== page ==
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Jury debates biopsy lawsuit

A malpractice suit seeking nearly $700,000 from MeritCare Health Systems for the post-surgery death of a 71-year-old Finley, N.D., man went to a jury Monday.

A malpractice suit seeking nearly $700,000 from MeritCare Health Systems for the post-surgery death of a 71-year-old Finley, N.D., man went to a jury Monday.

Deliberations began in Cass County District Court after six days of testimony from doctors, experts and the son of Roy Haugtvedt, who died from internal bleeding on July 20, 2000, one hour after a liver biopsy at Fargo's MeritCare Hospital.

At issue is whether the biopsy, which was done to test a large liver mass for cancer, was a necessary risk for Haugtvedt, who was on blood thinning drugs following heart surgery.

Family attorney Keith Miller said poor communication between doctors led to the biopsy, which later found the liver mass benign. The MeritCare team should have known through tests that cancer was unlikely and chosen less intrusive tests to find the cause of Haugtvedt's abdominal pain and shortness of breath, Miller said.

Even if doctors found Haugtvedt's tissue mass -- which was one-third the size of his liver -- to be cancerous, his prognosis wouldn't have changed much, Miller said. At least he would have had another six months to a year with his family, he said.


"What was the rush?" Miller asked the jury. "As a result of that substandard care, Roy Haugtvedt is dead."

A hired farm hand for 45 years in Steele County, Haugtvedt retired in 1997 to spend more time at his Finley home with his wife, Agnes. For years the two mowed the lawn at their church, Ostervold Lutheran.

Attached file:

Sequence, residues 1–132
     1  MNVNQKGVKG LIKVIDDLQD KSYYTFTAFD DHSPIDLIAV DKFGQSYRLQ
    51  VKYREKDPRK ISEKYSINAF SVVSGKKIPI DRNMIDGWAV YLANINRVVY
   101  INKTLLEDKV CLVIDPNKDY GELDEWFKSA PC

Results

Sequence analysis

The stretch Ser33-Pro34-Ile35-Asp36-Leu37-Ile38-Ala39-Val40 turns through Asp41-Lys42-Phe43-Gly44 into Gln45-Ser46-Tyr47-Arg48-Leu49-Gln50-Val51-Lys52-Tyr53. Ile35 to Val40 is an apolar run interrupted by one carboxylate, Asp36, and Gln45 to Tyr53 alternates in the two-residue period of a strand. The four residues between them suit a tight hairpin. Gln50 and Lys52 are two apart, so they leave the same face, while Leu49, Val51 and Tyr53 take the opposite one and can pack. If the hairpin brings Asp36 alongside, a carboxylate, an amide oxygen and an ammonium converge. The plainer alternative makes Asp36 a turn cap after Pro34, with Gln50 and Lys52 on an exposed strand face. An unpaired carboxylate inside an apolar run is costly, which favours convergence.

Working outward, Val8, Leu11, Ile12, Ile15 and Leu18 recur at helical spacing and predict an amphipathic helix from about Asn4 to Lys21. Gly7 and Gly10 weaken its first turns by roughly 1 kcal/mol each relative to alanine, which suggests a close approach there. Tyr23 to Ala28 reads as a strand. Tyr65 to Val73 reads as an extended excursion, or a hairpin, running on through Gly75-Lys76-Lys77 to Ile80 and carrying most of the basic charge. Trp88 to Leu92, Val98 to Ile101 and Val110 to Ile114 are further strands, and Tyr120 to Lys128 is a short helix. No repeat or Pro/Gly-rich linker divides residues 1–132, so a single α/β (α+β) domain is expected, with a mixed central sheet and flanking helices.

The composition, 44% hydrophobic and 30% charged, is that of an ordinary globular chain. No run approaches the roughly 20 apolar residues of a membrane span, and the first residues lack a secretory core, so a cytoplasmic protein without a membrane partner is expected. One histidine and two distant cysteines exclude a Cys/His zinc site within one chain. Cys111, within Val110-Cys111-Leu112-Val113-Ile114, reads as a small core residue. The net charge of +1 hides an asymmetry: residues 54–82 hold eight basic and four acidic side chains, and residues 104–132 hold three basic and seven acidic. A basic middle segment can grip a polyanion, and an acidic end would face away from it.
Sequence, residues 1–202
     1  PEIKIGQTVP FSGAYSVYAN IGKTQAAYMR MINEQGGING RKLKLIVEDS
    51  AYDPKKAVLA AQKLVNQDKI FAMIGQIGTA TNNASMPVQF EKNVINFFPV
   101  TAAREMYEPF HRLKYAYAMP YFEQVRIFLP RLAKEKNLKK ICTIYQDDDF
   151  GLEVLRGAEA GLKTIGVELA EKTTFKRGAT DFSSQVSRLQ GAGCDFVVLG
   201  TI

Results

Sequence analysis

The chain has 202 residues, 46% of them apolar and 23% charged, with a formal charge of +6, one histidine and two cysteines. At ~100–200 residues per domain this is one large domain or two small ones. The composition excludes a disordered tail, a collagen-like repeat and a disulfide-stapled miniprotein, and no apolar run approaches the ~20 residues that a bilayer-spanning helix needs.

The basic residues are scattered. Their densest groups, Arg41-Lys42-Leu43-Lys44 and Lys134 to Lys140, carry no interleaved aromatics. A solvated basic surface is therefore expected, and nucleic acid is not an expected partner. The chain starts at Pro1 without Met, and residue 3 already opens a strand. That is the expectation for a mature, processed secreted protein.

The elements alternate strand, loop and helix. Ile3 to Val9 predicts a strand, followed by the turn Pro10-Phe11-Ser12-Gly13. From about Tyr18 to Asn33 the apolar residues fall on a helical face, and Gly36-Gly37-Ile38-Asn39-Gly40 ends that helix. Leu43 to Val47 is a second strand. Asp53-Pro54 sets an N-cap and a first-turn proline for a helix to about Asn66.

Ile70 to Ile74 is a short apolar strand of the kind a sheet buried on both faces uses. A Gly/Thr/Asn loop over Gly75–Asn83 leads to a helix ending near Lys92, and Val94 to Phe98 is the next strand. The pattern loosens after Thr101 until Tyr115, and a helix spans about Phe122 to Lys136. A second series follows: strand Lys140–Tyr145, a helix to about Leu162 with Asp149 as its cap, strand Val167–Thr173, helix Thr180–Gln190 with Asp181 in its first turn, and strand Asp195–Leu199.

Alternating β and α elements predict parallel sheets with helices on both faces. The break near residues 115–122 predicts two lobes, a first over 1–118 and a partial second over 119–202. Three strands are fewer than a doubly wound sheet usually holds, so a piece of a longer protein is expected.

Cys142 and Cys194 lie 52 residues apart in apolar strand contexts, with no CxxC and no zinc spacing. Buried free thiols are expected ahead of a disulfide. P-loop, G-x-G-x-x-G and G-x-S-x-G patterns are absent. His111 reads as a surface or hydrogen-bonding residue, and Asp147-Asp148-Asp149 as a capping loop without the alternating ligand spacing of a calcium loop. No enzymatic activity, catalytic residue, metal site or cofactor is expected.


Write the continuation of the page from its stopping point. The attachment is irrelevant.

MeritCare attorney Wayne Carlson said Haugtvedt underwent methodical testing to find the cause for his discomfort three weeks after a coronary artery bypass. The biopsy was necessary to rule out cancer when the suspicious tissue mass was found, he said.

And though the blood thinners made the surgery riskier, Carlson said, they weren't enough to discard the operation.

"Do you just wait?" Carlson asked jurors. "[Do you] hope that he gets better and just not do anything?"

Evidence during the trial also showed there was no failure to communicate between staff, Carlson said. The care Haugtvedt received at MeritCare was the kind everyone should expect in a hospital, he said.

The Haugtvedts did not name a doctor in their lawsuit. A MeritCare spokeswoman declined to comment until after the verdict.

Readers can reach Forum reporter Dave Forster at (701) 241-5538

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